Creative clay classics
Story and photos by Jennelle Roberts
Little Traverse Tileworks captures in original ceramic tiling the quiet life of living in Northern Michigan.
The business, originating from Sturgeon River Pottery in Petoskey, branched out in 2010 to begin a separate entity and has been gaining speed ever since.
The “Up North” theme is evident in the traditional arts and crafts pieces, which gather inspiration from the entire Great Lakes region.
“The reason we started is because so many people kept coming in saying ‘I’m looking to do a custom tile,’” said Cora Smith, manager of Little Traverse Tileworks. “We had everything on site to make tile, so we can definitely do that.”
Little Traverse Tileworks offers custom work for business owners and those looking to a complete a custom home renovation. Tiling installation can range from a small section of backsplash with a single unique and decorative tile to an entire fireplace hearth.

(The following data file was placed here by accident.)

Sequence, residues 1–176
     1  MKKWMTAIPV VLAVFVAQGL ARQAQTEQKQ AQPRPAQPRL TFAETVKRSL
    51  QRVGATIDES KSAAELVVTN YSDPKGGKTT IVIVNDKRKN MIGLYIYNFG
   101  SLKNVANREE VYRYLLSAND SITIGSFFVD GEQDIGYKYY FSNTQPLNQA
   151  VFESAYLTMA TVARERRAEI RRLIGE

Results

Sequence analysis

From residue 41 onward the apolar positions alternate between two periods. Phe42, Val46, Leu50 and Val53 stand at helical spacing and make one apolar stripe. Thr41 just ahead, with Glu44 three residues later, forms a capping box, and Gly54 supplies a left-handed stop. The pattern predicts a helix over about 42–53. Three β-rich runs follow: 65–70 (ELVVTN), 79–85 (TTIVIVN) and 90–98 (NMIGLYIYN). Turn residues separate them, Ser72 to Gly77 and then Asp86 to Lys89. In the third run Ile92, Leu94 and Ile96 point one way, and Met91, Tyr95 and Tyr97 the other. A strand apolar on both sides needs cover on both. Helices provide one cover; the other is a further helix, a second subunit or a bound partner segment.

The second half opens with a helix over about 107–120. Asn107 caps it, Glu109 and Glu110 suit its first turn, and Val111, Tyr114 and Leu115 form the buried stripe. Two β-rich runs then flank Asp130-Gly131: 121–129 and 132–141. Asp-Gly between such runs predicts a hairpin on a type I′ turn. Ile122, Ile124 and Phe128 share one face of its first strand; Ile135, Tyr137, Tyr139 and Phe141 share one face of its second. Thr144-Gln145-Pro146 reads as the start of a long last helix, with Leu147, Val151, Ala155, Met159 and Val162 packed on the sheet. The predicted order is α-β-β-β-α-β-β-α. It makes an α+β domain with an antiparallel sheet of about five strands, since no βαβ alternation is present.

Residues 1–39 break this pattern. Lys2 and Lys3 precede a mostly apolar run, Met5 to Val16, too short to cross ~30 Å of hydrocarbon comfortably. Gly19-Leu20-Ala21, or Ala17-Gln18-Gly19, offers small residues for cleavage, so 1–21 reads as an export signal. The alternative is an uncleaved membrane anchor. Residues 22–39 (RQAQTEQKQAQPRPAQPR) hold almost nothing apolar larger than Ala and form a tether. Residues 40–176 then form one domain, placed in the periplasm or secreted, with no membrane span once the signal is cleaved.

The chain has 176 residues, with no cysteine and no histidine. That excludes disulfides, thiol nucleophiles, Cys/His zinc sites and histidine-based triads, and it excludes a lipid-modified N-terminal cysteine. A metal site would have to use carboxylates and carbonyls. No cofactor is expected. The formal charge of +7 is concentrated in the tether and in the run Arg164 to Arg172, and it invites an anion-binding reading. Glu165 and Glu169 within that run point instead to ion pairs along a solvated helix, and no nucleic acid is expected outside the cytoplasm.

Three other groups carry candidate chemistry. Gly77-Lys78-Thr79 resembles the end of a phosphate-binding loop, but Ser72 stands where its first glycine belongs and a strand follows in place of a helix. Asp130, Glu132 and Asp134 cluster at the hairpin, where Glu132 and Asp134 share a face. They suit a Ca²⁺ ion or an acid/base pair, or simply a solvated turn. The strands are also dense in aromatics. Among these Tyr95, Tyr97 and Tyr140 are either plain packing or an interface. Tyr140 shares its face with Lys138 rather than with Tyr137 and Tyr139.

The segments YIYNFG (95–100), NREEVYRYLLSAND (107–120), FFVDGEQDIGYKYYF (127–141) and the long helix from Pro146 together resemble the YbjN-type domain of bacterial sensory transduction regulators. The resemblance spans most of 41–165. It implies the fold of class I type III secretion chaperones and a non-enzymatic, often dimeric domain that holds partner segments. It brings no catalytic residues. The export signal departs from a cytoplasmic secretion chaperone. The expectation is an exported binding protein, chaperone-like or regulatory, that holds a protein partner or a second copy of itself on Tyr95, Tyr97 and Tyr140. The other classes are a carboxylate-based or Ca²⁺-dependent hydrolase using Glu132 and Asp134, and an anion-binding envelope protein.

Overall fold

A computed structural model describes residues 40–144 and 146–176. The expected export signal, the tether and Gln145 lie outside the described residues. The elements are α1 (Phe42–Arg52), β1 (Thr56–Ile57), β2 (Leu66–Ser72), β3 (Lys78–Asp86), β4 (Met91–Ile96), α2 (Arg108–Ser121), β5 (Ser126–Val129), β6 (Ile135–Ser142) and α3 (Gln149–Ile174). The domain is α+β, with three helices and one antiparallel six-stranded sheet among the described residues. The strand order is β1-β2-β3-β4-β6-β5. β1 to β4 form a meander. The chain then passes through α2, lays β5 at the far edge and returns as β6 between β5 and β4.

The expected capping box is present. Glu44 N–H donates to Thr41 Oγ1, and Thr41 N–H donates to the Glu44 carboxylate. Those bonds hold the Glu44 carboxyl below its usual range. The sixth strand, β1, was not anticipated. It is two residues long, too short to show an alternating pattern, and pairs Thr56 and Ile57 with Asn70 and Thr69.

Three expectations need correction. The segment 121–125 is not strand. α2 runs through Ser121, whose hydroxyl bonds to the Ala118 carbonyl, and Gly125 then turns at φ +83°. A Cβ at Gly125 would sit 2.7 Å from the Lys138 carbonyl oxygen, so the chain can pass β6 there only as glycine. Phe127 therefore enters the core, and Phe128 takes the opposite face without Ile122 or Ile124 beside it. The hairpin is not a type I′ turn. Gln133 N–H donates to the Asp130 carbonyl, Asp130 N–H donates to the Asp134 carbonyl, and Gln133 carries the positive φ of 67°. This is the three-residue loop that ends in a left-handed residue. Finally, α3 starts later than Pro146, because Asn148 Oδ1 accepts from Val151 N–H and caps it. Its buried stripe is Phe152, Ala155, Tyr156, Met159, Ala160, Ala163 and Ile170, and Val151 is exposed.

Smith said they enjoy working with creative customers and turning their visions into beautiful ceramic realities.
Smith and studio assistant, Tiffany Snodgrass, keep busy even in the slower fall and winter months by creating new designs and glazes in the upstairs studio above Sturgeon River Pottery on Charlevoix Avenue. The process of tile making requires patience, with each piece taking eight to 10 weeks for completion. Smith said from handling raw clay to kneading, molding, sanding, glazing and firing, the piece is touched a minimum of 11 times. All this time and attention makes each hand-made tile special and unique.
New designs come from the creators themselves or from a customer’s recommendation, such as this year’s new larger Mackinac Bridge tile. The 6x6-inch tile is attached to an actual piece of metal grating from the bridge, making it an artistic way to spruce up an empty wall. Also new this year is a honeybee tile and a trillium tile.
Little Traverse Tileworks products can be purchased at Sturgeon River Pottery, NorthGoods in downtown Petoskey, or online at littletraverse.com.
Written By Story and photos by Jennelle Roberts